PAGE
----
There are several villages situated inside and adjacent to the boundaries of the Preah Vihear Protected Forest and the Kulen Promtep Wildlife Sanctuary. Most inhabitants are smallholder farmers who depend on rain-fed paddy or upland rice fields supplemented by small scale animal raising and collection of non-timber forest products (NTFPs) to supply their basic needs. Fish, frogs, eels and other forest products are very important sources of food and cash income. The population within the parks are mostly ethnic Khmer, Lao and Kuoy people and 50.2% of the population is under 18 years old.
Many of these villages have existing agriculture and residential areas within these sites and also use many of the non-timber forest products. Some villages have existed in their present location for a long time and in many cases before the sites were gazetted as a protected forest or protected area.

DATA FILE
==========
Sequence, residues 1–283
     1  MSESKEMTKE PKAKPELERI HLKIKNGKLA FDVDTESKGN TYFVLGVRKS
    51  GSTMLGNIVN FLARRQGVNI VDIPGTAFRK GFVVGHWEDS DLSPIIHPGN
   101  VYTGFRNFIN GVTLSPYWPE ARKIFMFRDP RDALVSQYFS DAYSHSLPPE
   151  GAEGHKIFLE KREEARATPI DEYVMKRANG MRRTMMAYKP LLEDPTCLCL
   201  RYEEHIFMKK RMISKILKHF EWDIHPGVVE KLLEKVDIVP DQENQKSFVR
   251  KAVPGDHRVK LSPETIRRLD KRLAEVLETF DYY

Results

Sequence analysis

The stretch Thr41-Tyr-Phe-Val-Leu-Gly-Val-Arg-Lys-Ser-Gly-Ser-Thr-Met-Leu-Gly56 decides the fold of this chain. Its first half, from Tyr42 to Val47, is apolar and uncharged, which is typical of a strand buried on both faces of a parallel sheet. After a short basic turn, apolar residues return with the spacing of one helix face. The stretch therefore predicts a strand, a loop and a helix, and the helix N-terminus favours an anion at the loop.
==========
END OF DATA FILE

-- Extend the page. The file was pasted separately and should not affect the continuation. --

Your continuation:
Over the past three decades, many of these communities have undergone significant upheaval. From the early 1970s the region was a central base of the Khmer Rouge, and experienced long periods of conflict and civil war. During this time the local population was translocated and forced to adopt collectivized paddy rice growing. Following the fall of the Khmer regime, families began to return home in the 1980s and, to some extent, re-established traditional livelihood practices.